Google certainly makes searching easy for us, doesn’t it? All we have to do is type in the first letter and suddenly the Search Engine Results Page (SERP) is pulled up, revealing the results for whatever is currently displayed in the search bar. For example, when I type “f” for “Finland,” Google automatically displays the results for the “F” SERP – of course, it’s dominated by Facebook. Even when I continue my search, “Finl,” Google updates the SERP to show the result for what I would eventually type: “Finland.” It’s pretty convenient, I suppose, but there’s also a darker side to this situation.
How is Google changing the game? Manipulating which key phrases are searched.
To be blunt, Google has started to take over. I sometimes imagine Google as an older sibling who thinks he is looking out for our best interests a but really, doesn’t always understand what we want. And all HE wants is our allowance. Especially for those whose jobs are to help companies rank for particular keywords (like us at Evolve), it doesn’t help that Google is completing searchers’ sentences, thus leading them to specific SERPs. This truly might seem insignificant to some of you, or anyone who is unaware of how much companies rely on the analytics pulled from Google, but the reality is that Google’s new suggestions can cause users to word their searches differently than they would have if those additional search queries were not visible. For example, when I search for Edgar Allan Poe’s birthplace, Google offers a list of other suggestions: Edgar Allan Poe Birthday, Edgar Allan Poe Birth, etc.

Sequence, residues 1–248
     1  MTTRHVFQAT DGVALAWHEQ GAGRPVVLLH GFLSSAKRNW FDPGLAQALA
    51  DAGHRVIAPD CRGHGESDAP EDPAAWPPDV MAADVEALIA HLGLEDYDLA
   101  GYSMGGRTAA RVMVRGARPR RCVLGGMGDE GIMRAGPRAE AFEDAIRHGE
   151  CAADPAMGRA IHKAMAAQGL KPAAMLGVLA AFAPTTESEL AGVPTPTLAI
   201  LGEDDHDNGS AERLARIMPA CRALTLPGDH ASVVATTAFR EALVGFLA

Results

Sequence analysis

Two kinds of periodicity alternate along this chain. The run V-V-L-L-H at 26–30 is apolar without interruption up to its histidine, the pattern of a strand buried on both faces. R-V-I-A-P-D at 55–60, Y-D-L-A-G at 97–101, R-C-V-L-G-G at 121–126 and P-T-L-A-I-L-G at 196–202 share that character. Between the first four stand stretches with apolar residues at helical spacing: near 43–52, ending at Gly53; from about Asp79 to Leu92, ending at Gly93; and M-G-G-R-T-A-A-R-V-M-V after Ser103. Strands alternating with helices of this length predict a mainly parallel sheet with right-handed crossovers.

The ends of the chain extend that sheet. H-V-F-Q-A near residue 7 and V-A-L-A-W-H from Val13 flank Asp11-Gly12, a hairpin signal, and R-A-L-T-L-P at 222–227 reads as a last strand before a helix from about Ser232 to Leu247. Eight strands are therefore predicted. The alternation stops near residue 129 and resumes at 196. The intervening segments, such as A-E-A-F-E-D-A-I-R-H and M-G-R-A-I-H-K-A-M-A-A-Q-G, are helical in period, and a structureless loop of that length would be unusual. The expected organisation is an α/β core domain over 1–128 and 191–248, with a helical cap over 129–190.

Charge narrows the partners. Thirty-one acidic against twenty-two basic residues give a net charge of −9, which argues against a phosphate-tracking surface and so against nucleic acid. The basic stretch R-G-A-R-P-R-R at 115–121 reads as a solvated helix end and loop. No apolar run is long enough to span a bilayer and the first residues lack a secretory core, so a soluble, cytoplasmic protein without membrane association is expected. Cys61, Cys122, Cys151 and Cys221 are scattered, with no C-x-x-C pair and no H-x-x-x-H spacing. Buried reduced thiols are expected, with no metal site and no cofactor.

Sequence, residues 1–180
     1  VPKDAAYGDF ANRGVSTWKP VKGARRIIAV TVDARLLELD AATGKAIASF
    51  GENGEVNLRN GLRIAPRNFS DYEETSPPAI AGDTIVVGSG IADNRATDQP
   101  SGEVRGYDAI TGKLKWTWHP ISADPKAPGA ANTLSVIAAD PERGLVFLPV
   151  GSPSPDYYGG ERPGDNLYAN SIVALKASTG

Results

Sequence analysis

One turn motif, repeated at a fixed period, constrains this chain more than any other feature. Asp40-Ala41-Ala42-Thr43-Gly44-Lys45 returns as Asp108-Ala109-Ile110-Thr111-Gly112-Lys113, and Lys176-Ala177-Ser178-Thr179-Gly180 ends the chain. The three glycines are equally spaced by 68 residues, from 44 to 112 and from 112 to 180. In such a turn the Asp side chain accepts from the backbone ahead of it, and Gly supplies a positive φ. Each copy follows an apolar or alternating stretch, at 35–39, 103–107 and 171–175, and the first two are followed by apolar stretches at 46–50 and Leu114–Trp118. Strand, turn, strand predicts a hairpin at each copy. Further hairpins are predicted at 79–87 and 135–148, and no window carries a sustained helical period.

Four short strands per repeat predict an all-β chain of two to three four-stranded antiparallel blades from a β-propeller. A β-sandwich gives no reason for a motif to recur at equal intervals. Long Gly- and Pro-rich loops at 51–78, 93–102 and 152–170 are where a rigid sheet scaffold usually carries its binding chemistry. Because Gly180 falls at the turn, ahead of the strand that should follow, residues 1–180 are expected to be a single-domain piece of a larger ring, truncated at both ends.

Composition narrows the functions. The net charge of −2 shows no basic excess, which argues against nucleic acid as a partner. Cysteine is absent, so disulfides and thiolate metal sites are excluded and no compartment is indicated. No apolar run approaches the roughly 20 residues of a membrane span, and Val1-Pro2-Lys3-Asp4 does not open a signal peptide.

Has its own best interest in mind.
I also want to bring attention to the fact that Google often shoves its own properties in the way of organically ranking terms. Local search is all good and well (ok, we love it), but it can sometimes take up half of the page. YouTube (which Google acquired in 2006) is often thrown into the mix as well. Again, this might not seem like a big deal until you realize that it seems a bit shady for the Goog to drive traffic to its own sites, rather than making room for other deserving sites to rank organically. It just seems strange… and kind of selfish.
Hiding Results of Gmail Users.
Let’s not forget that Google recently decided to obscure the searches of anyone logged into his or her Gmail account. What this means is that site owners will never know that I came to their site, nor which terms I Googled in order to get there, since I rarely log out of my Gmail account. To SEO experts, this is devastating. Such useful insight could reveal which terms were most frequently inputted, as well as other interesting data – like which pages were visited, and for how long. Suddenly this information is stripped from us, seemingly for no reason. We love the Goog. Ya hear that, G? We love you. How could we not? It makes our job possible. But lately, it’s been making our job sort of impossible, and we can’t help but wonder what Google will become in the next 5 years. Let me point out that Google is not the only search engine that is changing the game. Yahoo and Bing will show the results for “New York” if you type “New Yrok.” Maybe this is just the natural evolution of this industry, but the shadier tactics (like hiding the data of logged-in Gmail users) isn’t cool.
What ways have you found Google to be manipulating/ sneakily changing the world of Search?